The economic fallout of coronavirus (COVID-19) pandemic continues to affect the Caribbean, this time with the cancellation of Antigua and Barbuda’s carnival.
The announcement came yesterday, April 19, from National Festivals Minister Daryll Matthew, who said the summer event was off, spelling another hit for the country already feeling the pinch of a nationwide curfew and crippled tourism industry due to travel and health restrictions related to the virus.
Matthew said that Cabinet accepted his recommendations to cancel the event scheduled for July 23 to August 4 following discussions over the weekend,
“Cabinet looked at the circumstances surrounding the worldwide Coronavirus pandemic and agreed that the hosting of the activities at this time would not be in the best interest of the population in maintaining good health, which is the foremost priority of the government,” he said
Further, he said the decision was influenced by the expected negative economic impact that that virus will have on the country. “It was therefore agreed to cancel the celebrations and advised that the focus should be placed on the planning of Carnival 2021 which will coincide with the hosting of Carifesta XV here in Antigua and Barbuda,” Matthew said.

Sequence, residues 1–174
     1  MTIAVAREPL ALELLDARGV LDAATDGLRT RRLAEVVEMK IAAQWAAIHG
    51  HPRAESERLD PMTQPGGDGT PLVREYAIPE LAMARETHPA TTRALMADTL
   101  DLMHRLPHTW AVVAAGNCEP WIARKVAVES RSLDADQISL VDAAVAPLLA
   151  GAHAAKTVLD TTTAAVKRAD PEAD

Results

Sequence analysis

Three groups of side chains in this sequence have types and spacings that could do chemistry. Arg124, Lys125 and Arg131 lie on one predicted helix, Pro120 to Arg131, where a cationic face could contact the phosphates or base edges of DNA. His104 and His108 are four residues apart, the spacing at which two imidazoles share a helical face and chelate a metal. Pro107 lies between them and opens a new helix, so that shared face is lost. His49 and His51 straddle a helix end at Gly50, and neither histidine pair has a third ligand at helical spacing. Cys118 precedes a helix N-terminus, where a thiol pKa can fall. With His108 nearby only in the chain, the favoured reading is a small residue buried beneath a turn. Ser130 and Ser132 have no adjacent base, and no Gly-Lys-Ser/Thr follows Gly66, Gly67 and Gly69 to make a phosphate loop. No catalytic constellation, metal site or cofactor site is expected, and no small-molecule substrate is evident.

The conclusion was also drawn from the thought that people would not have interest in participating in the event. “Also contributing to the cancellation of the festivities is the strong belief that the public will have no interest in attending social and entertainment gatherings during and after the COVID-19 pandemic,” Matthew said.
What’s more, the Festivals Commission has created an Independence Schedule which will be shared once the go-ahead is given that the pandemic has subsided. “We will continue to plan for the Independence celebrations in late October, early November in anticipation that the environment would facilitate activities of this nature.”
Antigua and Barbuda’s Independence celebrations are expected to be held in the next six months from October 24 to November 2, 2020.
The cancellation of Antigua and Barbuda’s carnival is the latest in a series as regional nations try to contain the spread of the virus which has infected nearly 2.5 million people worldwide.
While several countries, including Barbados, have cancelled this year’s staging of their carnival some, like Jamaica, have rescheduled to later dates in 2020, hoping that the virus threat will have waned, making it safe to stage the event.